What To Expect at Your First Visit
After entering through the front door into the waiting room, you will see a small seating area. There is a restroom off of the waiting area.
At our scheduled time, I will come out to the waiting area to bring you back to my office. I have arranged my office environment to be calming and comfortable. It is my hope that you will feel this space to be safe. We will spend some time reviewing the forms and answering any questions you may have, such as insurance or confidentiality requirements. I will begin the process of gathering background information leading up to the reason for our visit together. My goal is to complete this intake process in the first meeting, but sometimes a second session is necessary for thoroughness.
There is ample parking on the asphalt area. Please be careful not to block other cars. You may park on the grass, if needed.
I am paneled with several private insurance companies, as well as Medicare. Each company has many plans within it. It is important that you have contacted your insurance company (look for either a member services or mental/behavioral health services phone number on the back of your insurance card) prior to our first visit in order to fully understand your financial obligation for psychotherapy.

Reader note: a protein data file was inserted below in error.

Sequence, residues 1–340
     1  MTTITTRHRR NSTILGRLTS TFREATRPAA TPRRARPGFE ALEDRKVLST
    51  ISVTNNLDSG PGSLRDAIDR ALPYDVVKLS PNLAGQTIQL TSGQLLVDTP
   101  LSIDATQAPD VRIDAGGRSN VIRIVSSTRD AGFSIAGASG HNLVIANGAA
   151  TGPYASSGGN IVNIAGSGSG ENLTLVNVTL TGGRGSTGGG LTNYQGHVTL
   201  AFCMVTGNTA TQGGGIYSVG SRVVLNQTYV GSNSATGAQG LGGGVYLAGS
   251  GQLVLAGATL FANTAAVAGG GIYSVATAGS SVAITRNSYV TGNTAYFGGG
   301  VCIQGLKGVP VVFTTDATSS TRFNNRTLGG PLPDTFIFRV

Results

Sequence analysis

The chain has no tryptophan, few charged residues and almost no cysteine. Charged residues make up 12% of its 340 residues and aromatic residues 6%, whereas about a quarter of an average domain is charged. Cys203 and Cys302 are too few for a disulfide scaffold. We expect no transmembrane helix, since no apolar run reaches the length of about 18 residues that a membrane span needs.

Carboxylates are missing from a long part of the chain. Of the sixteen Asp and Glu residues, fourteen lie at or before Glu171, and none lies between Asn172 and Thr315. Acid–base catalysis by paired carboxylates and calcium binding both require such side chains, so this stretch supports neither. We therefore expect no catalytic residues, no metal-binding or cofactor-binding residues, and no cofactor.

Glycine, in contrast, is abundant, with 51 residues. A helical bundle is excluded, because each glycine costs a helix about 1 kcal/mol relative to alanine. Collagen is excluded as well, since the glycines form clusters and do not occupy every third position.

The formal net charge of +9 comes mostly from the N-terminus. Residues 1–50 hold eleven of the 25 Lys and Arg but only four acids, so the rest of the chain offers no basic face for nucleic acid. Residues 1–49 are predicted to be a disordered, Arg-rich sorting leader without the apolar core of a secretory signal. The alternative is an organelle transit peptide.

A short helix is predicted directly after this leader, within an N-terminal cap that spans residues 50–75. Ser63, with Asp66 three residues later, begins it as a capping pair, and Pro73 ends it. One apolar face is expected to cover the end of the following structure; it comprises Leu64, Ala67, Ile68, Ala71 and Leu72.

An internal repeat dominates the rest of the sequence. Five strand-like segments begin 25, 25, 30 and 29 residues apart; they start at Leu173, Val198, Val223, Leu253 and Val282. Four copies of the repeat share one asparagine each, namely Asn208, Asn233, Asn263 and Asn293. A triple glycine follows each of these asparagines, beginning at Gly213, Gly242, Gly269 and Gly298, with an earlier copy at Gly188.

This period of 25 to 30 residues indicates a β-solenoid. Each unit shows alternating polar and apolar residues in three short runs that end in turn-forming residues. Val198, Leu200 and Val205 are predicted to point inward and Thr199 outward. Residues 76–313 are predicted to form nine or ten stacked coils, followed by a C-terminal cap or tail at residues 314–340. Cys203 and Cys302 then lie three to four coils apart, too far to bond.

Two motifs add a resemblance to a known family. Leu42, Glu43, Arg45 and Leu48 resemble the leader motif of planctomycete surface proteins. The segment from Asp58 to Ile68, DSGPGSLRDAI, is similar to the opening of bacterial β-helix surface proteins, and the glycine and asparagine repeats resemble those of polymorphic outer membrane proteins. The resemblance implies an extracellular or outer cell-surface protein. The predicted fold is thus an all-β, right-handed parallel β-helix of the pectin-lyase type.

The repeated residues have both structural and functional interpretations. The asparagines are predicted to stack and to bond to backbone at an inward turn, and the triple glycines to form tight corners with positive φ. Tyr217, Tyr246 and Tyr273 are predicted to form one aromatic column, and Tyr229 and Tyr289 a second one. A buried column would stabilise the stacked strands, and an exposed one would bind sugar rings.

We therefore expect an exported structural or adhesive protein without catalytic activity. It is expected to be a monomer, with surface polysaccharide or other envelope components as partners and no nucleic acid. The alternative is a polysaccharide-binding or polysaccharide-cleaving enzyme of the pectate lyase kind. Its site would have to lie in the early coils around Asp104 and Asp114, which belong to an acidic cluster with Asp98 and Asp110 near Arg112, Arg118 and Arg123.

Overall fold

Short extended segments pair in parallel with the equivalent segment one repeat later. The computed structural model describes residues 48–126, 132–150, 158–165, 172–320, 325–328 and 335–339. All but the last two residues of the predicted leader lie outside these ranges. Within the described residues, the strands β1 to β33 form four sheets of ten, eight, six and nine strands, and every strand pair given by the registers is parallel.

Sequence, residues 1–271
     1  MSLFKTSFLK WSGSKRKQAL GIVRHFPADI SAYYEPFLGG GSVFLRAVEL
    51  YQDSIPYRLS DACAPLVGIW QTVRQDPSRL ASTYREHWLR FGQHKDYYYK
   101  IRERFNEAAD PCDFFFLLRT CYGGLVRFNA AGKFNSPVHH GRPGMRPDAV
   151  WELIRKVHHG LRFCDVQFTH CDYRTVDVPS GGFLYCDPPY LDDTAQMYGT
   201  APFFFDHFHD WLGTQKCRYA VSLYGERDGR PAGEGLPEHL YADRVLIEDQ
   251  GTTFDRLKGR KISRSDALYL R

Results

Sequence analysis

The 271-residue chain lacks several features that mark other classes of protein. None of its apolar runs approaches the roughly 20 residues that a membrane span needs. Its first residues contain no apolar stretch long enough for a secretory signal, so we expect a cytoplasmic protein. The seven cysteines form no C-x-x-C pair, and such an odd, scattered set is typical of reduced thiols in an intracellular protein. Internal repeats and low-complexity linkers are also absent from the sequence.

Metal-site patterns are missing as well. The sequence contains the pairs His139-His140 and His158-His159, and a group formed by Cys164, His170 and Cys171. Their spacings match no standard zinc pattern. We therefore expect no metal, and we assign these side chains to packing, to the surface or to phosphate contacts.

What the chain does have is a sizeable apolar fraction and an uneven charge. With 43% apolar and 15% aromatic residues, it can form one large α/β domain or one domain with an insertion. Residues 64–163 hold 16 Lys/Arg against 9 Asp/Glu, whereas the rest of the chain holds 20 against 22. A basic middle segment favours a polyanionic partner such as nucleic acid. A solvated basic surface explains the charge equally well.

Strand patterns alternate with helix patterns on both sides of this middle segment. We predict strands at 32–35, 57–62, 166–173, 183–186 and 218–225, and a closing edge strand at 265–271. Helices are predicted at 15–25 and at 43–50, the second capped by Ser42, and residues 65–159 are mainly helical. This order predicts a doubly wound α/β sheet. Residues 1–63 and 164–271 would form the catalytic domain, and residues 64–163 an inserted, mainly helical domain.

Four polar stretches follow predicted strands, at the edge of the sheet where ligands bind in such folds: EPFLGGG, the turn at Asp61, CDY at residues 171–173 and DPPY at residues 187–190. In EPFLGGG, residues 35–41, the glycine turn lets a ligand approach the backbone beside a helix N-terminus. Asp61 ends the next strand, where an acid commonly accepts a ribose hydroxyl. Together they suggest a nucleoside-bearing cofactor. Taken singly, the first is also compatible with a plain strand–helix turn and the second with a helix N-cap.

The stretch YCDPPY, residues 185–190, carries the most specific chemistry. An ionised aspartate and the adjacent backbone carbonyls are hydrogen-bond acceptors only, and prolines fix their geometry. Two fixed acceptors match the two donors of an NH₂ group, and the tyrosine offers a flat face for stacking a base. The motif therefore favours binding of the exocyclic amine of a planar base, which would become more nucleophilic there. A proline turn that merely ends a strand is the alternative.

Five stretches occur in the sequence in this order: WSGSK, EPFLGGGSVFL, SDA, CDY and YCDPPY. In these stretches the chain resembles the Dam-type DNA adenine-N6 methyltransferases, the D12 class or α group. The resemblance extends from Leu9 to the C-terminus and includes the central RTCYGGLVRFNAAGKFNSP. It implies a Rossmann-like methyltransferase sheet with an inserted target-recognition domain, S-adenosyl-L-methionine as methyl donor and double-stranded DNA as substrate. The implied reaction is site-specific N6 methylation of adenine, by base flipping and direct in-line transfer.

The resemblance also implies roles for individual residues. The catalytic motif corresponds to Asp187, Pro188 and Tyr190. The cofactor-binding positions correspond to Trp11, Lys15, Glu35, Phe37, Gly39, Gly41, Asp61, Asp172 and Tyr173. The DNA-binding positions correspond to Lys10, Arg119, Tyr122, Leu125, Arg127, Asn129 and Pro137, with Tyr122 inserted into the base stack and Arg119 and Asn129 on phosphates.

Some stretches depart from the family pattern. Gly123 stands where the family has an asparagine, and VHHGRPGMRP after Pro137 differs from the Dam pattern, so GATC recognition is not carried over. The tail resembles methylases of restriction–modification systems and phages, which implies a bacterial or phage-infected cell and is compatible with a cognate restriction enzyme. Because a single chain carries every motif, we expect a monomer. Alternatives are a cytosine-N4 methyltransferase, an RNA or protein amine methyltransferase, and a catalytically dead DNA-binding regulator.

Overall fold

Payment is expected at the time services are rendered unless we have made other arrangements. I accept cash, checks and credit cards. Credit card information is required and is entered into your Simple Practice profile for seamless payment of co-pays, coinsurance, deductibles and late cancel/no show invoices.
If you intend to return for another session, I suggest that you bring your appointment book or planner in order to make an appointment prior to leaving, especially if you prefer “after-school” or evening appointments. An automated appointment reminder is generated by Simple Practice and sent by email and text.
The ultimate purpose of psychotherapy is not about getting rid of emotions, it’s about making peace with them by listening to them and learning from them. Post-visit, your reactions may range from relief to agitation, as the session may have stirred up issues that were difficult to think and talk about. You may want to plan for “decompression” time after your session, which might be touching base with a supportive friend, focusing on quieting your thoughts, or listening to your favorite music. Ideas, thoughts or comments that come to mind would be appropriate for discussion during our next session.